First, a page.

Finally, the Hebrew Bible includes the Ketuvim, named for the word meaning “writings” in Hebrew. This section contains 11 books across a variety of literary genres and styles, from history to poetic verse. The poetic books of the Ketuvim are the books of Psalms, Proverbs, and Job focusing on wisdom and commitment to God. The Ketuvim also contains the Megillot scrolls (each of which corresponds to a particular Jewish holiday or festival), the prophecy of Daniel, and the history books of Ezra-Nehemiah and Chronicles. These final books focus on events occurring during the Babylonian captivity and exile of the ancient Jewish community, along with their subsequent return home.

 

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What is the Christian Bible?

When people think of the Bible, they usually remember the thick book that contains the religious scriptures of Judaism and Christianity. While it is made into a single book, the Bible actually contains a collection of books put together to best sum up the word of God. While the Bible is a term used by people to refer to the writings of the Jewish and Christian religions, they are actually different texts. The Hebrew Bible is similar to the original Hebrew scriptures of the Old Testament and documents history and the basis of the religion up to before the arrival of Jesus. The Christian Bible is made up of two main parts: the Old Testament and the New Testament. Some versions of the Bible are also comprised of more than just the two parts including other religious texts and books found later. 

Tan thread

The Old Testament

This provision of the Christian Bible is the first part that occurs before the New Testament. It records the history and the basis of the Christian religion from the creation of the world to right before Jesus is born. Unlike the Tanakh or Hebrew Bible, the Christian Old Testament is made up of 39 different books (such as the Song of Songs, book of Genesis, and book of Esther)  and is not traditionally broken down into three different sections like the Hebrew Bible is. The first five books of the Old Testament are the same as the ones in the Torah. One slight difference is actually in the interpretations of the text instead of the Hebrew scriptures themselves. Another difference between the Old Testament and the Hebrew Bible is the order, emphasis, interpretations, and certain language and punctuation. While in some versions they may consist of the same books, the different order of the books can lead to different interpretations of the text and history.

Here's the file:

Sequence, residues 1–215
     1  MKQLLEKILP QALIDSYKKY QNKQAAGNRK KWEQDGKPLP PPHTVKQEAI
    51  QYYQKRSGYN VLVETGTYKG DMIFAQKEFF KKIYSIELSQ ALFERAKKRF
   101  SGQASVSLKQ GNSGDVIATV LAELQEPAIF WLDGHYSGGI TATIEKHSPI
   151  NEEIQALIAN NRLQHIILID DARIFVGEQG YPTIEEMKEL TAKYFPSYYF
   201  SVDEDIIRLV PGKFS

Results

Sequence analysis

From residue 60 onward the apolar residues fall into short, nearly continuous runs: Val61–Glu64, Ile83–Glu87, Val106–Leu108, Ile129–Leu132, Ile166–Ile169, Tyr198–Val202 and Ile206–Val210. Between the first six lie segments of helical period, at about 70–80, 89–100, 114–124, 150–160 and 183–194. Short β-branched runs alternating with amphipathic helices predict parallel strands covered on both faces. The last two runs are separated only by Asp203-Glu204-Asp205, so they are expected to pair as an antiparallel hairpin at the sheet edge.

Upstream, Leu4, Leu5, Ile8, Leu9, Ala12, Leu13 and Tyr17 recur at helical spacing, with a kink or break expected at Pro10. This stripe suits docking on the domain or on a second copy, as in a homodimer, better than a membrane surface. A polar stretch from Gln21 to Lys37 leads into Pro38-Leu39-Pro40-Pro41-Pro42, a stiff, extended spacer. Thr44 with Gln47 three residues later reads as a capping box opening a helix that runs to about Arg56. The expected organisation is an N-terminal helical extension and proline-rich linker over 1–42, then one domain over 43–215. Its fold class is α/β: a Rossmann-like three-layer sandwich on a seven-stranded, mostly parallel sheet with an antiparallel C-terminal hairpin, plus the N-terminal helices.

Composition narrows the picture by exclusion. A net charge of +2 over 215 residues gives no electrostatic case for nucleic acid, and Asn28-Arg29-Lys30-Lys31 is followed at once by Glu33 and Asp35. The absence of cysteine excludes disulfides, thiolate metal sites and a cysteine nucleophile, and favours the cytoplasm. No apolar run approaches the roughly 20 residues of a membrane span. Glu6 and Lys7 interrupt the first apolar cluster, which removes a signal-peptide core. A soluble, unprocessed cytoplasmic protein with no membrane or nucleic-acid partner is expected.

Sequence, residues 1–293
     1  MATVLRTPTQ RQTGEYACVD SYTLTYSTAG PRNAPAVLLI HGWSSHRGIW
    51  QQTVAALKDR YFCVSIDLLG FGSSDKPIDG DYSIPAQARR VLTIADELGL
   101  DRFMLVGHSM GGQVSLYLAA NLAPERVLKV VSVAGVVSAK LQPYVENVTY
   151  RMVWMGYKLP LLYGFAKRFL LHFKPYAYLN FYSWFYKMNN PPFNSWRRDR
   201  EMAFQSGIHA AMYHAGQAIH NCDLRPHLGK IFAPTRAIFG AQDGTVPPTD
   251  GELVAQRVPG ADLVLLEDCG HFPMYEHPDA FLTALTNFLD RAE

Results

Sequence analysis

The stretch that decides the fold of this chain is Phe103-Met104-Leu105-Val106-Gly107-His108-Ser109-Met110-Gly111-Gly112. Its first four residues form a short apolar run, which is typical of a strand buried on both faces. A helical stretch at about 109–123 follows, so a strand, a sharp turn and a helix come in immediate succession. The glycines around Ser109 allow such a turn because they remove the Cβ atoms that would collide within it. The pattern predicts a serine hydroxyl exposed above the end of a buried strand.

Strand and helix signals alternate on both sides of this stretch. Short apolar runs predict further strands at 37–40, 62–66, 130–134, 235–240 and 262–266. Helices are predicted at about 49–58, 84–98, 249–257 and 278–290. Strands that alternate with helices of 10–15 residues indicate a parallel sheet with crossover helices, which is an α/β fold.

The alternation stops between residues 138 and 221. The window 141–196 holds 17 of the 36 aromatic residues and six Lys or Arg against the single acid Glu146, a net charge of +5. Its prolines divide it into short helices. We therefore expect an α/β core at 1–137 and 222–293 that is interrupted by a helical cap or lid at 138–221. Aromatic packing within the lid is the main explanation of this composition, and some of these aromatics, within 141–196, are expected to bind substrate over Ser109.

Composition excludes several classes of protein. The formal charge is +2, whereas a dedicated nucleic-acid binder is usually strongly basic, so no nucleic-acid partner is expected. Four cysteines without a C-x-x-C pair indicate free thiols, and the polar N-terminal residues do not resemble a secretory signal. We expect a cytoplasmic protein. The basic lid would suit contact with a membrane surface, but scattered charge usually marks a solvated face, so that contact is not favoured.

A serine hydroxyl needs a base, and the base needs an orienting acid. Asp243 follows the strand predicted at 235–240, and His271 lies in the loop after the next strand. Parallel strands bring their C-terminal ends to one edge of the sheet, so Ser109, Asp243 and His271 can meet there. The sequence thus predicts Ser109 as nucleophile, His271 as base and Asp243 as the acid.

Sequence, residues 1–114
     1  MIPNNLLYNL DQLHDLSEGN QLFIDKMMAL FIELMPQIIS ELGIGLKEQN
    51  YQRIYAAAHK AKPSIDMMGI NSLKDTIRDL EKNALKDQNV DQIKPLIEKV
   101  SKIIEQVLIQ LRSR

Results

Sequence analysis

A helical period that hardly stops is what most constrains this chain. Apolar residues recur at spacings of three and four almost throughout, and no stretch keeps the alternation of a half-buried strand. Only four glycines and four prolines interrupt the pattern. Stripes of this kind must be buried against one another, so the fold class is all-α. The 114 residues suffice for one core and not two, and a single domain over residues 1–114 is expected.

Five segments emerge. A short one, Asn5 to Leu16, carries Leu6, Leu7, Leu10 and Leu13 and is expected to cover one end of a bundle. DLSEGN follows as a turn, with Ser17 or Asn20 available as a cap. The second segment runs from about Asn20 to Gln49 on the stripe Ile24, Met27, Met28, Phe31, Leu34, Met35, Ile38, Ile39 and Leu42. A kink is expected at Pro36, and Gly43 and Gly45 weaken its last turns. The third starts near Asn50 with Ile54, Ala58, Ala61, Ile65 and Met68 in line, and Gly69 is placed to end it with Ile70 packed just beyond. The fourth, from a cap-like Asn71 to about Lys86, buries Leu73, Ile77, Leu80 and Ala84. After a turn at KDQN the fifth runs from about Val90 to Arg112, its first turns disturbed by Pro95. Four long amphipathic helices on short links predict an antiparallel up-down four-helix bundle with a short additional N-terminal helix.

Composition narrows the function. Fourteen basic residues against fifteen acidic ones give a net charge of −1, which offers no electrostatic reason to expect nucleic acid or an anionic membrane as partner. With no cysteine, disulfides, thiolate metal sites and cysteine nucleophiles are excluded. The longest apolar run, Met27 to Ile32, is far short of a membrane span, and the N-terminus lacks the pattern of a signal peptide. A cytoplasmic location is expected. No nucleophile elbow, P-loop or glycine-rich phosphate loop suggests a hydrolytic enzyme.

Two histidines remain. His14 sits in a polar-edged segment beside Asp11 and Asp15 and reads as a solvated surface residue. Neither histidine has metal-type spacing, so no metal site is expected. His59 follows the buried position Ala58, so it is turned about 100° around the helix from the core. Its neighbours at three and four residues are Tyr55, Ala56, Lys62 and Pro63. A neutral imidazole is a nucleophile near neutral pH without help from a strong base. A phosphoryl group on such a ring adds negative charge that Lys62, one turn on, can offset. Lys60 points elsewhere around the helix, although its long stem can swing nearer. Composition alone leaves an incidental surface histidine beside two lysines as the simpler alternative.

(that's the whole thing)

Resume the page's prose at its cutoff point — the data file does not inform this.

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The New Testament

The New Testament is the factor that sets the Christian Bible apart from the Tanakh. Even though Judaism and Christianity may stem from similar origins and contain similar books in the Old Testament, the New Testament is not a shared aspect of the two distinct religions. The New Testament is not acknowledged by Judaism, and in contrast, is a large part of the Christian religion.